variety of learning experiences designed to increase knowledge and interest in STEM subjects. “The STARBASE curriculum has been strengthened with STEM lesson plans that now include chemistry,” said Greg Adams, instructor at STARBASE-Atlantis Pensacola. At NASP, STARBASE level one is offered June 11-14, June 18-21, June 25-28 and July 16-19. Level two is offered Aug. 6-9 and Aug. 13-16. Classes begin at 8:30 a.m. and end at 3 p.m. (students are required to bring their own lunch, drink and snack). At NAS Whiting Field, the level one program is offered June 2528 for B.C. Russell students, July 9-12 for Berryhill/Pea Ridge students, July 23-26 for SS Dixon students and July 30-Aug. 2 for Oriole Beach/Holley-Navarre students. Students whose parents work at Whiting Field can enroll with any of the Whiting Field sessions. Applications for the summer program and detailed additional information about the STARBASE-Atlantis level one and two programs can be found on the STARBASE website: https://www.netc.navy.mi l/community/starbase/pe nsacola/. Links to the open enrollment application for NASP can be found at: https://www. netc.navy.mil/community/starbase/ pensacola/_ documents /pns_application.pdf. To attend the Whiting Field sessions, the form can be found at: https: //www.netc.navy.mil/com munity/ starbase/ pensacola/_documents /wf_application.pdf . Completed and signed applications for both NASP and NAS Whiting Field sites can be dropped off at the main classroom location in Bldg. 1907, 461 San Carlos Road on NASP, emailed to email@example.com or faxed to 452-8288. Questions can be answered by calling 452-8287.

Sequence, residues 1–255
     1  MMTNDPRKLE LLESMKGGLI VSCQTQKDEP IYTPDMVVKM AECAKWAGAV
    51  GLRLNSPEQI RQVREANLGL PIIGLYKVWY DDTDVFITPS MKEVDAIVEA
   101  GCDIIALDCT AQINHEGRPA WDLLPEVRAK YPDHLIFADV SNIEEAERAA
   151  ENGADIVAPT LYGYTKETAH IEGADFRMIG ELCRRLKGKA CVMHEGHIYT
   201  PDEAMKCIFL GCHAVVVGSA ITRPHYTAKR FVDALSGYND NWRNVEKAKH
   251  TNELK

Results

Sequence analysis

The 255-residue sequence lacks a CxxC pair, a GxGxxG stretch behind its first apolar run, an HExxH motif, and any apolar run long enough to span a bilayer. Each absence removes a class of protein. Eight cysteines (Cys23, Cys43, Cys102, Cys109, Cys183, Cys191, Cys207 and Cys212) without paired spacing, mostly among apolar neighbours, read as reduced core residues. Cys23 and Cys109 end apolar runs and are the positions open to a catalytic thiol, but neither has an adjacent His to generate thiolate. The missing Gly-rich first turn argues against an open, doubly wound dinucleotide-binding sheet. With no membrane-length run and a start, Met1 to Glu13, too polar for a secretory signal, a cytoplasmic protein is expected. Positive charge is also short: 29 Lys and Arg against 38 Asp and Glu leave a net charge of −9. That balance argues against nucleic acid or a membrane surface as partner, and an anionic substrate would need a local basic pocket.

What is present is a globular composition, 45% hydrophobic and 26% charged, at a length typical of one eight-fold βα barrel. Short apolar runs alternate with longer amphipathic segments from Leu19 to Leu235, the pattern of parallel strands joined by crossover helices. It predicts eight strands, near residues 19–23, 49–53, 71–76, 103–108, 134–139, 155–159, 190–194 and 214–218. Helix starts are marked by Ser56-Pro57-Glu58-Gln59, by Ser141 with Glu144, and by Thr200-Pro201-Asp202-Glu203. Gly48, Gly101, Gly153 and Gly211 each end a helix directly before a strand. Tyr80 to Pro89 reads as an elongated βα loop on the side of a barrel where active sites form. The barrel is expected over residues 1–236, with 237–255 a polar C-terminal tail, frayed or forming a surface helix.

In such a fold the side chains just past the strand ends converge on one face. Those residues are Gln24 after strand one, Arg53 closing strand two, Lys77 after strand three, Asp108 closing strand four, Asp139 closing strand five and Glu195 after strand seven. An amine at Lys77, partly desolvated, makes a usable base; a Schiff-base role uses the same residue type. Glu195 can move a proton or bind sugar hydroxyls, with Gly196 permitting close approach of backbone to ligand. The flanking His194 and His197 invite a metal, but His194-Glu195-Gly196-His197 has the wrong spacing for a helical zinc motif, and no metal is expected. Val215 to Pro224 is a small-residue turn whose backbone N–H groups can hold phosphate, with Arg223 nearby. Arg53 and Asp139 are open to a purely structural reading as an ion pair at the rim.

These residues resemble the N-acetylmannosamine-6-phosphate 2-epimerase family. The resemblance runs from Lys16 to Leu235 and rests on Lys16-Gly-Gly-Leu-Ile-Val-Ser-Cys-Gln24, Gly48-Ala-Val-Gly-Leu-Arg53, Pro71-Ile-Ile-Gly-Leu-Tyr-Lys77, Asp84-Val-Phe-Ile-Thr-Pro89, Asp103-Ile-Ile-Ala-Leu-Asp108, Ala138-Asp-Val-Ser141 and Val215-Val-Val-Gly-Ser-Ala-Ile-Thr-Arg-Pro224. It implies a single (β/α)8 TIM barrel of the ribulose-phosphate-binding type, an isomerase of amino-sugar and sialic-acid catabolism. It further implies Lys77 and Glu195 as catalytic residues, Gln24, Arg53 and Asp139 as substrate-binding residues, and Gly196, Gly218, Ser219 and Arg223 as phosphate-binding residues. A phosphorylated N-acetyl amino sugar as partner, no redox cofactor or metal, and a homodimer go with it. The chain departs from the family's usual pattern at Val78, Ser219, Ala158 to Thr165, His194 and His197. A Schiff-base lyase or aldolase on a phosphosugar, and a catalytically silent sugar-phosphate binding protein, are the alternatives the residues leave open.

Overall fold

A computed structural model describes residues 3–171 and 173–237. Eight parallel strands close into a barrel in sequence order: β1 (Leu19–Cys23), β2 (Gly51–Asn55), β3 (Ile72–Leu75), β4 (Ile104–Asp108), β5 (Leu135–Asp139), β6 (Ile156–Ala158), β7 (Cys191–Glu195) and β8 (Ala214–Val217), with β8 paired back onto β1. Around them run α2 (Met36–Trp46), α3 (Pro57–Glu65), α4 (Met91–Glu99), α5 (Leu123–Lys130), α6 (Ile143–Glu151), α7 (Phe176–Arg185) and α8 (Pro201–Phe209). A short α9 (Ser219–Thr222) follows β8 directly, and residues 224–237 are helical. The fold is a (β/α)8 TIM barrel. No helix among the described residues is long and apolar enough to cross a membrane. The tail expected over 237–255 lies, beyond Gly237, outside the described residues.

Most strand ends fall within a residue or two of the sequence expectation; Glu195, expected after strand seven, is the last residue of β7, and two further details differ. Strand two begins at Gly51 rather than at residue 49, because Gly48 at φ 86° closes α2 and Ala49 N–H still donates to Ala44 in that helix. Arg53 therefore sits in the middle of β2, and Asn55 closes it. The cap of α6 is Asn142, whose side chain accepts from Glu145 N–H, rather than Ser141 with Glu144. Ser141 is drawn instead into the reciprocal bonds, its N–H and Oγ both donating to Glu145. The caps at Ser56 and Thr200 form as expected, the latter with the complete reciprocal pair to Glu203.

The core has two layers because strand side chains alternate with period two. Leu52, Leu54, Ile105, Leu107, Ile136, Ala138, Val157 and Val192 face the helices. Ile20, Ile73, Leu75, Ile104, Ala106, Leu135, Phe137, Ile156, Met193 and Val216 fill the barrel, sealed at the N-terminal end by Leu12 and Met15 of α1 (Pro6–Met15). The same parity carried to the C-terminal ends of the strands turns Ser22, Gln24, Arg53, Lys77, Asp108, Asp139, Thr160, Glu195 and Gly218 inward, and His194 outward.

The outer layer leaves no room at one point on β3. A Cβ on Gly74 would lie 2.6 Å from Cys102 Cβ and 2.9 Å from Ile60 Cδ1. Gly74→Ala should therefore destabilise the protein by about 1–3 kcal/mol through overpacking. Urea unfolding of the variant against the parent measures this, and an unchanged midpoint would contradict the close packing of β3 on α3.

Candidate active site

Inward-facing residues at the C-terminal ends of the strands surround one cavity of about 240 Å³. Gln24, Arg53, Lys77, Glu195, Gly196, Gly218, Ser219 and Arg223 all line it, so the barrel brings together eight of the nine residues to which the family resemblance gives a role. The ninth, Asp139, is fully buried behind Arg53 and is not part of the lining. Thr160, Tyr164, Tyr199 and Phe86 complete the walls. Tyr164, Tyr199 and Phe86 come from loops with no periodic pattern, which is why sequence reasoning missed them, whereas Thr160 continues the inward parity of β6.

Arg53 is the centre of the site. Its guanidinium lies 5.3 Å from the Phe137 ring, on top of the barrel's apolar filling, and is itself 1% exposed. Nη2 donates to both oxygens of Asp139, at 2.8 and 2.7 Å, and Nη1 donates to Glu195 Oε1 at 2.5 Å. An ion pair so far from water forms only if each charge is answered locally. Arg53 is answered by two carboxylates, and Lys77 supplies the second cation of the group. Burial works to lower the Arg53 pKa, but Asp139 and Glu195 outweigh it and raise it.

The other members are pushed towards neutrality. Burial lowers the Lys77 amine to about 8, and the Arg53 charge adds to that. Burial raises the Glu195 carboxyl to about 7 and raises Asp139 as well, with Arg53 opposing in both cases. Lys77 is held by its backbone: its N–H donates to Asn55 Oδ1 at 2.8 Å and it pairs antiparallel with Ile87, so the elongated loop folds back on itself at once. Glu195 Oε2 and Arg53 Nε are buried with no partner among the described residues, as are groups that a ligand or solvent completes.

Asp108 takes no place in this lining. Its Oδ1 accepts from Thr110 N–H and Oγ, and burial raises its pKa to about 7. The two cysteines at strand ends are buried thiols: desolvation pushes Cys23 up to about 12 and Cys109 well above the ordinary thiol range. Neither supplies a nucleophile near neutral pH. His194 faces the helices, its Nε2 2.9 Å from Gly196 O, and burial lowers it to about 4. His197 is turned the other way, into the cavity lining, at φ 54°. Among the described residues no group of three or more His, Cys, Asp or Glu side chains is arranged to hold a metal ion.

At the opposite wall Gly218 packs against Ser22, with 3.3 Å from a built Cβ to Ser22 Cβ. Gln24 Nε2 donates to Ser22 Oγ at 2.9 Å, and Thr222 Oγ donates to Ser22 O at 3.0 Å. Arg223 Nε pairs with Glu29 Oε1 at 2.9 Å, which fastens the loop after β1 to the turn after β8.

Vol. 76, No. 23
NASP command XO Cmdr. Greg Thomas retires NAS Pensacola command’s former executive officer, Cmdr. Greg Thomas, retired from naval service in a ceremony held in the National Naval Aviation Museum May 24. Thomas served 28 years in all, from May 1984-May 2012. Thomas is a native of Oklahoma, and his call sign is “Okie.” He graduated from the U.S. Naval Academy in May 1984 with a bachelor’s degree in oceanography. Commissioned an ensign upon graduation, he reported to NAS Pensacola for naval flight officer training and received his “wings of gold” in November 1985. Thomas reported to VQ-1 in Agana, Guam, in July 1986 where he was qualified as a senior electronic evaluator “SEVAL” in the EA-3B aircraft. He completed two WestPac/ Indian Ocean deployments embarked in USS Carl Vinson (CVN 70) and USS Ranger (CV 61). In 1988, Thomas transitioned to electronic warfare and completed Fleet Replacement Squadron (FRS) training in 1990. He reported to VAQ132 Scorpions in January 1990 and completed two deployments aboard USS Saratoga (CV 60) participating in Operations Desert Shield and Desert Storm. Thomas flew 17 combat missions during Desert Storm and was awarded the individual Air Medal with combat “V.” In December 1992, Thomas reported to VAQ-129 Vikings as a fleet replacement instructor; in August